Take posture pictures: Wearing gym clothes, relax and stand in what you think is your best posture. Have someone take full-length photos of you from the side, front and back. Do this once a year to monitor any changes.
Be posture conscious: Check yourself in your posture photos or in a full-length mirror from top to toes. Is your head level and balanced above your shoulders? Are your shoulders level and even over your hips? Are your hips level or is your pelvis tilted forward or backward? Are your thighs, knees and feet aligned?
Keep moving: Bad posture in part comes from weak muscles. And controlled motion is critical. Exercise daily, even if just a little. Do exercises that improve balance, flexibility and strength.
Monitor your pain: Neck and back pain often are caused, in part, by poor posture.
Source: Dr. Steven Weiniger
Turns out “stand up straight” isn’t just good advice from your mother.
Aging experts increasingly believe posture is, in some cases, an indicator of how well you will age. They suggest seniors in particular, who sometimes begin to stoop or shuffle as they grow older, should be more aware of their body alignment and take action if their posture is out of whack.
“Posture affects everything we do. We want people to build an awareness about their posture … and teach them to move with greater symmetry and balance,” says Dr. Steven Weiniger, an Atlanta-area chiropractor and posture expert who works with seniors.
Most elders are aware of how important exercise is, and more are having balance testing done _ both good ways to prevent falls. But Weiniger said posture is an overlooked part of the wellness equation.
Primary care physicians may recognize the health risks that hunched shoulders and “flexed” posture hint at. But often, they refer those patients for physical therapy when it’s almost too late, said Kevin Pallone, a physical therapist specializing in geriatrics.
Posture is one of the things he evaluates at his clinics in Boynton Beach, Fla., and at the Louis and Anne Green Memory and Wellness Center on Florida Atlantic University’s Boca Raton campus.
Slouching seniors who come in complaining they have a balance problem often also have a complicated mix of poor posture, weak muscles and bones and limited flexibility, Pallone said. Mix them together and the person could be at risk for respiratory problems and neck and lower back pain that will cause them to become even more glued to the couch.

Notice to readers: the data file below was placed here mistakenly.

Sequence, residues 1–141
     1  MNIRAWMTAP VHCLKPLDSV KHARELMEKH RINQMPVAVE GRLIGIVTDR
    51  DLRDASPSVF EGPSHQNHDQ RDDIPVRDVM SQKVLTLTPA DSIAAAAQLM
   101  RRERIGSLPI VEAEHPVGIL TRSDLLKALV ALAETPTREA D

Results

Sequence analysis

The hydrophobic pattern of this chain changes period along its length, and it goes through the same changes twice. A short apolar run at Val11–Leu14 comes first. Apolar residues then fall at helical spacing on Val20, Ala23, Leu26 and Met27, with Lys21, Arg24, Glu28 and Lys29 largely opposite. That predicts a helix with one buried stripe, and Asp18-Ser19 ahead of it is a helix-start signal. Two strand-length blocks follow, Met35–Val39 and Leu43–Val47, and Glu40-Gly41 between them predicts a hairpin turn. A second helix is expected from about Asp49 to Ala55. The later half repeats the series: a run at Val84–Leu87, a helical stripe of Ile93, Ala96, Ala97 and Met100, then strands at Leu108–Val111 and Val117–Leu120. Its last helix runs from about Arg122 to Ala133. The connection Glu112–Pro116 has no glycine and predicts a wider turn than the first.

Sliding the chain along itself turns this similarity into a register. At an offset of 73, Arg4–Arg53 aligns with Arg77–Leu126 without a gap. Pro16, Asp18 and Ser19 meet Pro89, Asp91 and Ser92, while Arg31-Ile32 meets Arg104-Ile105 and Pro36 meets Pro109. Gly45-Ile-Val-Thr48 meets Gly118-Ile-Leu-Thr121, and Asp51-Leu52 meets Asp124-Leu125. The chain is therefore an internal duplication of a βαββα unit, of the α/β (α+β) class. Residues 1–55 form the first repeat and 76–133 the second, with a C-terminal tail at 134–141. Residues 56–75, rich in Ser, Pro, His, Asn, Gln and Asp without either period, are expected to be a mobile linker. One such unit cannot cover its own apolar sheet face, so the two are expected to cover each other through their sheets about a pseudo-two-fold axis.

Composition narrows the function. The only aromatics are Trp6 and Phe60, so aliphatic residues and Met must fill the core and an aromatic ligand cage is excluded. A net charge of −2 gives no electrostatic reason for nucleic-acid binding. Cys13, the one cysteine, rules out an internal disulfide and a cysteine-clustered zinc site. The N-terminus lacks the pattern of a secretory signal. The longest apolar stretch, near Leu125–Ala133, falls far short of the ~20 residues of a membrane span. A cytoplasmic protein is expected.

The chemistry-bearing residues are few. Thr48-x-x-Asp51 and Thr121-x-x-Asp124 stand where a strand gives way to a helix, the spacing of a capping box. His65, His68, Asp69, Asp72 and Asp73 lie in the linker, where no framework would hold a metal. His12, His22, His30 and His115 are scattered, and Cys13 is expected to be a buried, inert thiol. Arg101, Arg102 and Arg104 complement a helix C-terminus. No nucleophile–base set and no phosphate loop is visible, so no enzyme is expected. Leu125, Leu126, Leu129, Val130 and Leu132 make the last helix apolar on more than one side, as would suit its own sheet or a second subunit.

A recent study, published online in the Journals of Gerontology Series biological and medical sciences series, suggests that seniors with a specific type of poor posture — high “trunk line of inclination” angles between two specific vertebra — might be more likely to eventually need at-home care or be admitted to a nursing home.
Japanese researchers looked at 804 people age 65 and older who were living in a town near Tokyo, taking four different spinal measurements with a computer-based “spinal mouse.” They found, in doing a followup almost five years later, that those with the greatest trunk line inclinations were three times more likely to have lost their ability to feed, bathe or dress themselves.
“Accumulated evidence shows that good spinal posture is important in (allowing) the aged to maintain independent lives,” the researchers wrote.
A delegate to the last White House Conference on Aging in 2005, Weiniger says posture is important to healthy aging because it is tied to movement.
“We know that movement allows you to maintain a level of activity and the more active you are, the better you age,” said Weiniger, who created the StrongPosture program detailed in his book, “Stand Taller — Live Longer.”
Stretching techniques and proper exercises can help seniors regain muscle strength, improve posture and gain flexibility, Pallone said.
“Can we get them to where they are 18 again? No,” he said. “Can we get them feeling better? Yes.”